This is something that’s been on my mind a lot lately. Standing at the end of the semester now, there are great obstacles to face over the next few weeks, but there are even more behind us. You may have overcome some of those obstacles successfully and failed to overcome others. And, while I’m confident we’ll all face our upcoming challenges to the best of our ability, it’s possible we might not live up to the expectations we’ve set for ourselves. But falling short of them is not just okay, it’s normal.
Opinion | Columns
Last week saw the repetition of what is now a tradition in the U.S.’ consumer culture: Black Friday. We all know what Black Friday looks like: mobs of people in a store rushing for extraordinary deals, people camping outside to get first dibs on a cheap TV or appliance and poor employees enduring all the madness. However, while this chaotic scene may have once had some appeal, time, the evolution of the Internet and our growing awareness of environmental and consumer issues is making Black Friday an irrelevant celebration. It’s time to acknowledge that.
In the first week of November, our president was ordered by a state judge to pay $2 million in damages to nonprofit groups. This came after he admitted to the misuse of funds raised by the Donald J. Trump Foundation to promote his run for the presidency, pay off business debts and purchase a self-portrait for one of his hotels. The award of damages marks the end of a legal battle that’s been taking place since 2016 when New York’s attorney general accused the Trump family of using the foundation for business and campaign purposes. The cash in question was raised at a fundraiser intended for veterans in Iowa, which Trump later acknowledged as a campaign event.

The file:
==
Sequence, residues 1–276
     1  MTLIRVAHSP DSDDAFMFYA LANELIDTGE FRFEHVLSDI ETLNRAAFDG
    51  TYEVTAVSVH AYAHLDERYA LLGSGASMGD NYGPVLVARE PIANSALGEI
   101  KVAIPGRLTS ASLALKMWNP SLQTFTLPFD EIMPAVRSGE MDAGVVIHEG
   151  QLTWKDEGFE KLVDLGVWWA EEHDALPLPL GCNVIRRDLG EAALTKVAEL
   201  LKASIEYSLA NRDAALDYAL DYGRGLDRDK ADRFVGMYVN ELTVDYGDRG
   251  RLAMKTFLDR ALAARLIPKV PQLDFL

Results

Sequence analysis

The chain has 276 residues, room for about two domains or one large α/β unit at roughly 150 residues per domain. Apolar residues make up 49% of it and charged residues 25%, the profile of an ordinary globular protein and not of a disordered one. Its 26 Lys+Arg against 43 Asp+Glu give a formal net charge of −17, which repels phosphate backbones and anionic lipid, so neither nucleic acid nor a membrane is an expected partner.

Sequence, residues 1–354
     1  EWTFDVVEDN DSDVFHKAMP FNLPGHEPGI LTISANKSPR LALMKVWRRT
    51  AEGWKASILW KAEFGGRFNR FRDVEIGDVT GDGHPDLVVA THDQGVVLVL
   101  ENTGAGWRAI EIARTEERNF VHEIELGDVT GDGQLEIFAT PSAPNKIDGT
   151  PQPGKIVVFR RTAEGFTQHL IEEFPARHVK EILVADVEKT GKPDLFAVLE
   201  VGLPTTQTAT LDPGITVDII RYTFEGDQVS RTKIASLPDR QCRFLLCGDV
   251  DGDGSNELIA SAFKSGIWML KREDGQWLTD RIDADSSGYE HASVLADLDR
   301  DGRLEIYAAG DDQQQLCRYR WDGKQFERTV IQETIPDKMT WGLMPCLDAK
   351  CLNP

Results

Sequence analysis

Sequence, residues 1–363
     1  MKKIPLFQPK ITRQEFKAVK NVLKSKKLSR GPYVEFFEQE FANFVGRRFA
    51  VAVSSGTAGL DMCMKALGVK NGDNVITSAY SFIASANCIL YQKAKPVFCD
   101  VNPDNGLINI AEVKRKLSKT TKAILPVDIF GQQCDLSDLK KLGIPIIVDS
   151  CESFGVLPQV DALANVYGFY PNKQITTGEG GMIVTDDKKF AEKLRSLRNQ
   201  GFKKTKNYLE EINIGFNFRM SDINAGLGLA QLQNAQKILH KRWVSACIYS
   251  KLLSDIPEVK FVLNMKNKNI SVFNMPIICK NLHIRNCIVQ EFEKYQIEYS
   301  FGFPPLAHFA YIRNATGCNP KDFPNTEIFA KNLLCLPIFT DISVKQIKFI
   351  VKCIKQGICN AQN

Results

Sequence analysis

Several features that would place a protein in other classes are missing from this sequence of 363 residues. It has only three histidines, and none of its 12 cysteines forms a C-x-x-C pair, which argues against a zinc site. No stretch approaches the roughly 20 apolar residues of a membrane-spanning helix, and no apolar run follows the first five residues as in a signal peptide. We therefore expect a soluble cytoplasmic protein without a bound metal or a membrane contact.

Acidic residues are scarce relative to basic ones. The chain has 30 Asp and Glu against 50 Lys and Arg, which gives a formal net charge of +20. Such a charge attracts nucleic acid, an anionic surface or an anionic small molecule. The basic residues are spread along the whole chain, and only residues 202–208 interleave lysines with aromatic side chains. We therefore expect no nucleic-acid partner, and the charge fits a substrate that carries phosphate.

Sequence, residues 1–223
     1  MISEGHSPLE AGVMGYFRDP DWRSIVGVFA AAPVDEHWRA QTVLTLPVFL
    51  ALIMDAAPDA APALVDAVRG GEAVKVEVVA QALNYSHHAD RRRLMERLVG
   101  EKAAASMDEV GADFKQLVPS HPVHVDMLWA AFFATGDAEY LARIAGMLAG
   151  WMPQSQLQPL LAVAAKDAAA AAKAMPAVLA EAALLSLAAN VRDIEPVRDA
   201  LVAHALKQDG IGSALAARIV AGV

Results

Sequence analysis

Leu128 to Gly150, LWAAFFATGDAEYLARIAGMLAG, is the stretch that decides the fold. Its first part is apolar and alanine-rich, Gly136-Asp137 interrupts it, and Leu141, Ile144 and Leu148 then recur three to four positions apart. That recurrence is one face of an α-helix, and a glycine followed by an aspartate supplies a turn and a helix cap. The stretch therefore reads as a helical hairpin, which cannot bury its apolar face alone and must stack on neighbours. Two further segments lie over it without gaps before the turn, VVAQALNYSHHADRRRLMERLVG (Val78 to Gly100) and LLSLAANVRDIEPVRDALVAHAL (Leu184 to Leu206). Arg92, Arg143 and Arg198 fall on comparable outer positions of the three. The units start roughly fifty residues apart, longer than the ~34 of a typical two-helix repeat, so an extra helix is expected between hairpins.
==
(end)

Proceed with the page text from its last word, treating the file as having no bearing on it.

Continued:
On Friday, Pokémon Sword and Pokémon Shield hit the big time on Nintendo Switch after eight months of hype. In light of this notable step for the franchise – seeing a main-series game on a console for the first time – I thought it’d be prudent to look back on some of the best games in the series so far.
Mental illnesses are colorblind, but the barriers to treatment aren’t. Previously, I wrote about some of the ways that immigrant communities were disproportionately affected by mental illnesses, which made me interested in our undocumented population in the United States. Roughly 10 million strong, they live in perpetual fear and anxiety, often without any sustainable way of getting professional help. Most conversations thus far have been focused on how to eliminate overt barriers to healthcare, but for this community’s sake, more needs to be said about eliminating the underlying psychosocial barriers.